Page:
Limited incentives and poor cost economics for trucks in the Vehicle Scrappage Policy, coupled with lack of addressable volumes for other segments is unlikely to drive freight transporters to replace their old vehicles with new ones, a report said on Wednesday.
Though the scrappage volume of buses, PVs and two-wheelers is expected to be limited as well, the policy’s impact on new commercial vehicle (CV) sales could be sizeable, based on addressable volume, ratings agency Crisil Research said in its report.
The policy proposes to de-register vehicles that fail fitness tests or are unable to renew registrations after 15-20 years of use.
According to Crisil, many buses owned by state transport undertakings will have a life of more than 15 years. In comparison, buses operated for intercity, staff, school and tourist segments typically do not have a life beyond 15 years, and would thus be outside the ambit of the scrappage policy.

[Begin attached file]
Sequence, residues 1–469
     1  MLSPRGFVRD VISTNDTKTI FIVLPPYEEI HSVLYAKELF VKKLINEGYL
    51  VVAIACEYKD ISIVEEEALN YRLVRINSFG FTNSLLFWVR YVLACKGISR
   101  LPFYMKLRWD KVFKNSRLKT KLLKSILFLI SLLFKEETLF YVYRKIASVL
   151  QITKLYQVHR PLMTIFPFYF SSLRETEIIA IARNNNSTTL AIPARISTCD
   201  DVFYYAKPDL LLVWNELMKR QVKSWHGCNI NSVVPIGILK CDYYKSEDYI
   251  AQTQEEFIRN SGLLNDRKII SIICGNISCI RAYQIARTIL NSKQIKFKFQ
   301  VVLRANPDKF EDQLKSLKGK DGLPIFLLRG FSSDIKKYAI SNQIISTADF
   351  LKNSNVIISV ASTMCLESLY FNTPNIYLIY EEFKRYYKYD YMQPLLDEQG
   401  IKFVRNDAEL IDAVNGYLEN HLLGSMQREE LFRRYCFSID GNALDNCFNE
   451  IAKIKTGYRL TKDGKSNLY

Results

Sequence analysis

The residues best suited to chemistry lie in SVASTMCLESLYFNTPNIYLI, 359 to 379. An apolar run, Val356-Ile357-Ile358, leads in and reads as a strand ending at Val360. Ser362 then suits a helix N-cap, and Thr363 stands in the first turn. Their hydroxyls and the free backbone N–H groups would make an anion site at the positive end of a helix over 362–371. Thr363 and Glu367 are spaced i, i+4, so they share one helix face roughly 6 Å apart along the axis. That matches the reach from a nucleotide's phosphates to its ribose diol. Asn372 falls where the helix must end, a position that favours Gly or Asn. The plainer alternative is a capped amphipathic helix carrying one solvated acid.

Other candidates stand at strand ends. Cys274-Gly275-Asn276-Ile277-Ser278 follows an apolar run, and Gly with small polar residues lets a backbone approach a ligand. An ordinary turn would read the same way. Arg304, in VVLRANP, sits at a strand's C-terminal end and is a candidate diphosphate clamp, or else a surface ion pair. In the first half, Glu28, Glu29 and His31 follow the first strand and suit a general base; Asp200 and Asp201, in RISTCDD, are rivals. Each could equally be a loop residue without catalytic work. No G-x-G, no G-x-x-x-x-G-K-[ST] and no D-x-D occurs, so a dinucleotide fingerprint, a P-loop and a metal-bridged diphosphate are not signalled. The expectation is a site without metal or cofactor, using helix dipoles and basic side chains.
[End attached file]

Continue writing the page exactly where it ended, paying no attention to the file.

As for passenger vehicles, renewal of registration fees is proposed to be increased from ₹600 to ₹5,000 (valid for five years) for PVs older than 15 years, which is a more than eightfold increase.
The potential benefit from scrapping a 15-year-old, entry-level small car will be ₹70,000, whereas its resale value is around ₹95,000. That makes scrapping unattractive, Crisil said in the report.